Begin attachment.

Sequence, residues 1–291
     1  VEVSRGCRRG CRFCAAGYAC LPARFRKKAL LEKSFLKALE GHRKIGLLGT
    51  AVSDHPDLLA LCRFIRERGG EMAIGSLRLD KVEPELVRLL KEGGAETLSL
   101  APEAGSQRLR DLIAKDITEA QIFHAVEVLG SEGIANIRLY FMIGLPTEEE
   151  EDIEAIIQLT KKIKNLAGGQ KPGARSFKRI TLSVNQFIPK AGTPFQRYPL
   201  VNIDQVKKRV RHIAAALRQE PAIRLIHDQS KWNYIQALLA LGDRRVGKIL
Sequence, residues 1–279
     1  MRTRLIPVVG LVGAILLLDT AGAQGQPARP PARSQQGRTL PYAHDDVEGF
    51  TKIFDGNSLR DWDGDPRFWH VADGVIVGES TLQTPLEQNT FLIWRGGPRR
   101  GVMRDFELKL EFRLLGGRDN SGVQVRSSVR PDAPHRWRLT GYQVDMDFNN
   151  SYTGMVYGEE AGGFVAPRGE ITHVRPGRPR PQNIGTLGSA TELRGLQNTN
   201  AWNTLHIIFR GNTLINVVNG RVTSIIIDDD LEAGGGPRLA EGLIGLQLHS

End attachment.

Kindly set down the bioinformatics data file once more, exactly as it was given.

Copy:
Sequence, residues 1–291
     1  VEVSRGCRRG CRFCAAGYAC LPARFRKKAL LEKSFLKALE GHRKIGLLGT
    51  AVSDHPDLLA LCRFIRERGG EMAIGSLRLD KVEPELVRLL KEGGAETLSL
   101  APEAGSQRLR DLIAKDITEA QIFHAVEVLG SEGIANIRLY FMIGLPTEEE
   151  EDIEAIIQLT KKIKNLAGGQ KPGARSFKRI TLSVNQFIPK AGTPFQRYPL
   201  VNIDQVKKRV RHIAAALRQE PAIRLIHDQS KWNYIQALLA LGDRRVGKIL
Sequence, residues 1–279
     1  MRTRLIPVVG LVGAILLLDT AGAQGQPARP PARSQQGRTL PYAHDDVEGF
    51  TKIFDGNSLR DWDGDPRFWH VADGVIVGES TLQTPLEQNT FLIWRGGPRR
   101  GVMRDFELKL EFRLLGGRDN SGVQVRSSVR PDAPHRWRLT GYQVDMDFNN
   151  SYTGMVYGEE AGGFVAPRGE ITHVRPGRPR PQNIGTLGSA TELRGLQNTN
   201  AWNTLHIIFR GNTLINVVNG RVTSIIIDDD LEAGGGPRLA EGLIGLQLHS